Dartmoor NPA Volunteer event – Becka Brook Valley – 12th March 2017

Devon BC members joined the Dartmoor National Park Second Sunday volunteers to help with scrub clearance in the Becka Brook Valley on Sunday 12th March 2017.  This work was necessary to help improve the habitat for the rare Marsh Fritillary butterfly.   DNPA Ranger Simon Lee led us all safely across some very damp ground to get to an area of even damper ground (Marsh Fritillary habitats on Dartmoor are generally pretty boggy!) where BC’s Simon Phelps led the conservation work as part of the ‘All The Moor Butterflies’ project.

The aim of the work was to open up corridors to help the Marsh Fritillaries to move around more freely between the various open boggy patches where they find the Devil’s Bit Scabious that their larvae need as their foodplant.  This year’s event follows on from a similar work party last year and, after doing some serious work cutting and clearing trees and scrub, some of the volunteers walked into last year’s clearance site and were overjoyed to find three groups of Marsh Fritillary larvae (see photo) enjoying the warmer spring air.  This means that last year’s conservation work was a real success!  Many thanks to all the DNPA volunteers & staff, and the local commoners, for working so hard to keep this habitat in good condition for these rare butterflies and the many other species that thrive in the very special habitat.

Lydford Old Railway reserve - Sun 5th Mar 2017

In spite of an unpromising forecast, 9 people appeared in the Waterfall car park at Lydford for the work party on the Old Railway reserve. 2 people joined us from the Dartmoor Preservation Association which now has a copy of our work part dates. Luckily, gales and heavy showers held off until we had completed all the raking up of strimmed vegetation in half of the reserve. Colin Sargent, the leader for the day was very pleased with the turn out and that the work was all completed. Branches growing out from the edge of the site were also trimmed back in places. Finishing early afternoon, several of us took advantage of the National Trust cafe which was unexpectedly open in the car park and continued chatting over tea, coffee, hot chocolate and various desserts!

Little Breach  - Sun 26th Feb 2017

It was disappointing to only get a couple of members at the Little Breach winter conservation work day on 26 Feb 2017 and the branch will welcome any input from members about how to encourage more members to volunteer to help out at this BC reserve next winter.  However, those that attended did a great job and one of the attendees, Pete Hurst, reports that “the weather was kind to us with wet conditions holding off until we had finished”. In the photo Volunteer Reserve Warden, John Bell, is shown raking, with a number of stone clusters in the background.  Pete says “These clusters have been made from scattered stones on the site and serve as available refuges for lizards and also can create hotspots by reflecting sunshine onto the grassland - Common Blue is known to lay eggs in close proximity of stones where ground temperature is increased.”  Anyone interested in helping out on this BC Reserve in the future can find more details here and you can email the branch here.

Bovey Heathfield - Sun 19th Feb 2017

This was our second work day this winter on this site which is a Teignbridge Council owned nature reserve.  BC Devon and Teignbridge have been collaborating for a number of years to conserve the habitat for a small colony of Silver-studded Blue butterflies and other heathland species. Silver-studded Blues are seen in good numbers in Devon at Bicton Common and Bolt Head (see our Key Sites page) but this colony has never been very large and now seems to be declining – so we hope all our hard work helps them have a better year in 2017.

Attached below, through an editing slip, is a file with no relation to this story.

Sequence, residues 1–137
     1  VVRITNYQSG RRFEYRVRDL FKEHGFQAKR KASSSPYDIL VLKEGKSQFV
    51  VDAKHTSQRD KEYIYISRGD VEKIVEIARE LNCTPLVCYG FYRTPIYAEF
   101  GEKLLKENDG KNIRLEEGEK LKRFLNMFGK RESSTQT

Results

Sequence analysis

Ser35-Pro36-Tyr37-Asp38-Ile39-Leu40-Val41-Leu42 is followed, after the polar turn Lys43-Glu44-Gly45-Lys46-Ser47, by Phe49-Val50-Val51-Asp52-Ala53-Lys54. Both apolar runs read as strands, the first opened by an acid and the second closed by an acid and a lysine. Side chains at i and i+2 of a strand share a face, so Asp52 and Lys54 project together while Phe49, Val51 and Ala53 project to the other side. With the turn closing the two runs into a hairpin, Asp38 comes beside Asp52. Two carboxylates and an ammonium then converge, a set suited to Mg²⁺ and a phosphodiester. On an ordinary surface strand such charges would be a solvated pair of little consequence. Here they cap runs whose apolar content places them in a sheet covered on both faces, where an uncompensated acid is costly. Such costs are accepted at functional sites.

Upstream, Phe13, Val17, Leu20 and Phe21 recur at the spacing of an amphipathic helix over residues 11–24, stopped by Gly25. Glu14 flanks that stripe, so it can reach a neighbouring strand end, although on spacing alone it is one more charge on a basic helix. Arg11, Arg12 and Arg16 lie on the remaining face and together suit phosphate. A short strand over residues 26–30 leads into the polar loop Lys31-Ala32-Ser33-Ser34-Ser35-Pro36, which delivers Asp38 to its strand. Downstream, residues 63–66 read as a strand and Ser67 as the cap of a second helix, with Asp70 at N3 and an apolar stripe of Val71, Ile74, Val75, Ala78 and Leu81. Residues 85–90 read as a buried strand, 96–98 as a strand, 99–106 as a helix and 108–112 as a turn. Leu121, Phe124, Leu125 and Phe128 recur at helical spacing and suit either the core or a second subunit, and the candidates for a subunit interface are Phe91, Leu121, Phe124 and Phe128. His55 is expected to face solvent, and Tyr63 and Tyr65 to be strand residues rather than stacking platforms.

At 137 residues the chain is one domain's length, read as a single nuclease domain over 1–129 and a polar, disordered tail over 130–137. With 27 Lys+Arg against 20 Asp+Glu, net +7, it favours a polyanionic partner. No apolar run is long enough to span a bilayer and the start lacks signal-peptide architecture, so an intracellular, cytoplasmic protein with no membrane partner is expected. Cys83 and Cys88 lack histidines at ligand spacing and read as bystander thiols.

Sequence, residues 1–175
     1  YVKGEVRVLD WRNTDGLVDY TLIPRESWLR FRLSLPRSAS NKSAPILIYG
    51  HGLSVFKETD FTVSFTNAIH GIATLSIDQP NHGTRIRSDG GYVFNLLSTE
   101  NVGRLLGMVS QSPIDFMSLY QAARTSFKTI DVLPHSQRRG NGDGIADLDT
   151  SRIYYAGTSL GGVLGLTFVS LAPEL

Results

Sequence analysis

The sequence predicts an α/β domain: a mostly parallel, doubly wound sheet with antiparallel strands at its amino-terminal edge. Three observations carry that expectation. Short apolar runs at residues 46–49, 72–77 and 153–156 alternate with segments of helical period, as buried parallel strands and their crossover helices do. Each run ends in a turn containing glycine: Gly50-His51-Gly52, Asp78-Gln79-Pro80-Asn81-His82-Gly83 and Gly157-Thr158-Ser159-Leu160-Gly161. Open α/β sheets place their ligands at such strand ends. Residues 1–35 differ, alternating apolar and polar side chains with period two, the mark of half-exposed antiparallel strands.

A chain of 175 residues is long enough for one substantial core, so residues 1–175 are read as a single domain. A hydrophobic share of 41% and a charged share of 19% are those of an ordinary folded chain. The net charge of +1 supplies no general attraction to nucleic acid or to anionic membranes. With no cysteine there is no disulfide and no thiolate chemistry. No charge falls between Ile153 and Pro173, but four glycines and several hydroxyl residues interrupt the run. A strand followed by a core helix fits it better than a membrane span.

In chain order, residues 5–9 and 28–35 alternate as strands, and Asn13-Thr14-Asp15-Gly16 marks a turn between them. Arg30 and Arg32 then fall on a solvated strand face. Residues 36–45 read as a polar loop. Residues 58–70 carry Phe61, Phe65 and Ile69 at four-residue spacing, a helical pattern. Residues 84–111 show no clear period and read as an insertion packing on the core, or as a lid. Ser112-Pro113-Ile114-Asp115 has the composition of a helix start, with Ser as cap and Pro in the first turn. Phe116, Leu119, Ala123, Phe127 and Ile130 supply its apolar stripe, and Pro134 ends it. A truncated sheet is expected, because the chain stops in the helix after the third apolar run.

Sunday’s work included raking and scrub clearance and also we did some work creating a scrape – a big patch of bare ground which acts as a warm basking area for the butterflies as well as helping diversify the vegetation. You can find more information about why and how to create scrapes on our scrapes factsheet.

Thanks to everyone who attended either of these workdays this winter at Bovey Heathfield.  Some of the February attendees are seen in the photo having a welcome break at lunchtime.  Thanks to workparty leader Pete Hurst for organising the day and also to Teignbridge Council rangers for the work they have done on this site during the winter months.

More information about Silver-studded Blues can also be found on our Silver-studded Blue factsheet.

Little Breach - Sun 22nd Jan 2017

A small number of volunteers turned out for day's conservation work on our Little Breach reserve and Pete Hurst reports that it was a lovely sunny day and that the vegetation was very dry, making raking an easy job!  At tea break time everyone stopped to observe a minute's silence in memory of David Hinde, our Conservation Officer who sadly died in 2016 and who was our Branch Reserve Officer for Little Breach.  David's wife has had a memorial bench installed at the reserve and in this photo volunteers John Bell (our new Little Breach Reserve Officer) and Jonathan Aylett are seen taking a short break from work.

Bovey Heathfield - Sun 15th Jan 2017

This site is being managed to try and increase the breeding population of Silver-Studded Blue onsite and many thanks to the branch members who turned up to help and also to Sian Avon, Senior Ranger, Teignbridge Council Green Spaces who directed the work.  Everyone was very excited to use Tree Popper tools for the first time - they really work!

Branch Members Day - Sat 22nd Oct 2016

BC members enjoyed a range of excellent speakers at the annual Branch Members Day and AGM on Sat 22 Oct 2016, this photo is taken by BC National Executive Committee Chair Jim Asher who was one of the speakers.